Iraq urged to cooperate with global institutions in combating corruption
Iraq needs to enact firm measures locally and cooperate with international bodies to be able to limit systematic corruption often carried out under the hegemony of powerful political parties, and militias, Iraqi and international experts recommended during a recent forum held in the Iraqi capital city of Baghdad.
Al-Rafidain Center for Dialogue (RCD), an Iraqi think tank that encourages political, cultural and economic dialogues among all elites, held its fourth annual forum under the motto, "The World is changing" from 26 to 29 September in the Royal Tulip al-Rasheed Hotel, inside Baghdad's fortified Green Zone.
Many think tanks from Iraq, the Middle East, and elsewhere attended the event.
In "The System of Corruption: Deep Rooted Disease and Timid Solutions" workshop, attendees discussed the legal, political and social factors behind widespread corruption in Iraq, and ways to deal with it. Scholars also highlighted that before Iraq brings more international investments into the country, it must step up ways to eradicate corruption.
"Dealing with corruption is complicated, but I think the Iraqis should reach out to international institutions and governments to cooperate more," Peter Charles Choharis, from the Washington DC-based Choharis Law firm, told The New Arab after the workshop.
"It is not enough simply to investigate inside Iraq, you have to prove and show foreign investors that you are working alongside investors from the UK, the US, Asia, and the Gulf, to say that we are cooperating with your conferring if there is some hint of a problem with corruption," he added.
In terms of how the Iraqi government can extradite smuggled public monies into Iraq, Choharis said that money laundering and tax evasion, and bribery "all go together", stressing that money-laundry laws need to be updated.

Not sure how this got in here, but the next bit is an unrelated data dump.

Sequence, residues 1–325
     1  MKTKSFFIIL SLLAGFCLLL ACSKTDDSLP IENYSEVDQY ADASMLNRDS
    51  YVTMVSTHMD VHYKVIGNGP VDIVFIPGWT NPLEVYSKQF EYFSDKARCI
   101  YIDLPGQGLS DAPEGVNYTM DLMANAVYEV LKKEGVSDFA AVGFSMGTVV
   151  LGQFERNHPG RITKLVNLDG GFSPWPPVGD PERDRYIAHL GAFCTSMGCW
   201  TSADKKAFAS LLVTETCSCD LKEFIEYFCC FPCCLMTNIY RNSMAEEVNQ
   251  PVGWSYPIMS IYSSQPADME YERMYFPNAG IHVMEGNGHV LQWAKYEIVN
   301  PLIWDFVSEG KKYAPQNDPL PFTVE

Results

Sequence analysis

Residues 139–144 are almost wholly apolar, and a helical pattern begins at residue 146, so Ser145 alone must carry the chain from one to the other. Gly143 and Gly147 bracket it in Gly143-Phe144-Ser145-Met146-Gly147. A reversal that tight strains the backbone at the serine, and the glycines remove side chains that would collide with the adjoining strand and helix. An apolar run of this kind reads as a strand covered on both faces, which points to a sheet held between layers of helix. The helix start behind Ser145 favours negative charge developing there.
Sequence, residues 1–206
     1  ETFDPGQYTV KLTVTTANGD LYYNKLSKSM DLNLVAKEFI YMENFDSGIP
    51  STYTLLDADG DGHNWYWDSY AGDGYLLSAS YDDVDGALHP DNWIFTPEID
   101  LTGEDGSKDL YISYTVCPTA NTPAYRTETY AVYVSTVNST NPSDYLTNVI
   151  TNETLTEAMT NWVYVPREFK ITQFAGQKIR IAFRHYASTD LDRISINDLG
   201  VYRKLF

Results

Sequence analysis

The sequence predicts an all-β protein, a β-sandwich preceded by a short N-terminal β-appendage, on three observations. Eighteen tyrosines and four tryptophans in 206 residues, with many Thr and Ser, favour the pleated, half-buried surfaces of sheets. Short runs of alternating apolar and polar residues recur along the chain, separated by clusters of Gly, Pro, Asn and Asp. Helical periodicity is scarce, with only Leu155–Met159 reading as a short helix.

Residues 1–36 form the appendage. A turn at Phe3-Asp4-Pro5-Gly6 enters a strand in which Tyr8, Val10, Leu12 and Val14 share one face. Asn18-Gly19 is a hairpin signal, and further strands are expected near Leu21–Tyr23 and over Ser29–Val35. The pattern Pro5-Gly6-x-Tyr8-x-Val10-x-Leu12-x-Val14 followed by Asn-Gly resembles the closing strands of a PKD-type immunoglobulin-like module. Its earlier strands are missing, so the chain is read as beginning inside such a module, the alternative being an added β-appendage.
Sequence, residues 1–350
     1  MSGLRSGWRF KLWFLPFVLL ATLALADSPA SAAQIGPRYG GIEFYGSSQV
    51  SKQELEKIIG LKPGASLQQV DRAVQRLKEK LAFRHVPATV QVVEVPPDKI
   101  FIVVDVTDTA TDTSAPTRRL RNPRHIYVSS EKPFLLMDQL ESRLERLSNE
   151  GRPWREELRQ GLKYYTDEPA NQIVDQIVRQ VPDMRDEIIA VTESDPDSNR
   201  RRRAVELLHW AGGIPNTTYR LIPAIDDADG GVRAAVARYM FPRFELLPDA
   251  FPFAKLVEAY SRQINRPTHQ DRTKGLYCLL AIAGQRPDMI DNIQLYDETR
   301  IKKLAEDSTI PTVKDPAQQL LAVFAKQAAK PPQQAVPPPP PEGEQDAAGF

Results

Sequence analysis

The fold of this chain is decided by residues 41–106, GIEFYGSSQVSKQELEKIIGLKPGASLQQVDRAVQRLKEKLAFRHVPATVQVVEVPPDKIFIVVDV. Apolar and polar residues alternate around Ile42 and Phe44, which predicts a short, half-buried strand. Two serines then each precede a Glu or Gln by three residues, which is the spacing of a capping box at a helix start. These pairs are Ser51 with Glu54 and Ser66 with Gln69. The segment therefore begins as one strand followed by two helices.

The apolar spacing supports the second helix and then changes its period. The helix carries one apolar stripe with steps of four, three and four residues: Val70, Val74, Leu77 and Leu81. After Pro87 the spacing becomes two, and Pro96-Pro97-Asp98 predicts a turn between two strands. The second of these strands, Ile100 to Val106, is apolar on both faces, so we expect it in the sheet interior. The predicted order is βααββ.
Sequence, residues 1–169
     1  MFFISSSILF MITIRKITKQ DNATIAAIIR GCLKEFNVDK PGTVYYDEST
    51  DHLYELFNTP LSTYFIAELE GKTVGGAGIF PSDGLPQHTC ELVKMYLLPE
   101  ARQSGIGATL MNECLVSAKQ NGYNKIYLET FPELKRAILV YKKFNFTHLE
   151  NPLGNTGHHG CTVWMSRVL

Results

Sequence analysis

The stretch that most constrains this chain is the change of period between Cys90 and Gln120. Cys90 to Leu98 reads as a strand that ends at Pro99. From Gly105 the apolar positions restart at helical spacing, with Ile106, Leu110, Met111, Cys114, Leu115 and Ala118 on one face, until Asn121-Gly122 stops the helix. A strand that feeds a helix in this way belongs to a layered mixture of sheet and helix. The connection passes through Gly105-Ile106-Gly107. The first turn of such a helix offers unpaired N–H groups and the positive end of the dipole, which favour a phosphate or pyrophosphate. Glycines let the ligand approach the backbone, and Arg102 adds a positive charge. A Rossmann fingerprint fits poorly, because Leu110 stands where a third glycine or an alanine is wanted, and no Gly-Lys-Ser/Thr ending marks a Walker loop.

According to Transparency International's 2021 corruption perceptions index, Iraq had a score of 23 out of 100 points, i.e. the country is among the most corrupt countries in the world. Iraqi law experts who addressed the workshop stressed that corruption in the country results from the ruling political elites and the weakness of the Iraqi judiciary, as well as the integrity commission's ability to bring corrupt people to justice.
"Always when we observe the three main authorities of legislative, executive, and judiciary in Iraq, there is a notion that wants to show the Iraqi judiciary as being politicised, the judiciary in Iraq is working based on the existence of an issue, reporting it, raising a complaint, presenting investigations and documents to the courts, and then finally a judgment," said Saed Yassin Musa, an Iraqi civil activist moderating the workshop. "I think the allegations that the Iraqi judiciary is politicised are accusations for the sake of confiscating public institutions and interests by paralysing the judiciary."
Musa acknowledged the existence of "political corruption" in Iraq that consequently generates useless laws and appoints unqualified individuals to public posts, exploits public funds, and misuses public resources.
Regarding the recent audio leaks by Iraqi journalist Ali Fadhil that exposed many corruption cases, Musa emphasised that the content of the leaks should be investigated by state institutions and inaction would only garner more discontent from the public.